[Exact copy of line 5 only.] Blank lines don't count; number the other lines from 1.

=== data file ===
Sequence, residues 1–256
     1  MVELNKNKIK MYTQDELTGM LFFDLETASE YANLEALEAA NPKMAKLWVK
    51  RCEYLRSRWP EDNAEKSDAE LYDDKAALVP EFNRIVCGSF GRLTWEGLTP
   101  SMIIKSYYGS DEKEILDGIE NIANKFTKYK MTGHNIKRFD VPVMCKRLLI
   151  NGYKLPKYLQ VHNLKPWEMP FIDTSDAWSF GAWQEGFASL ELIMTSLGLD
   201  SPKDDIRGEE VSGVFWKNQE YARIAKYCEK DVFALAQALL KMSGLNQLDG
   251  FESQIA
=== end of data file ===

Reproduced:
   151  NGYKLPKYLQ VHNLKPWEMP FIDTSDAWSF GAWQEGFASL ELIMTSLGLD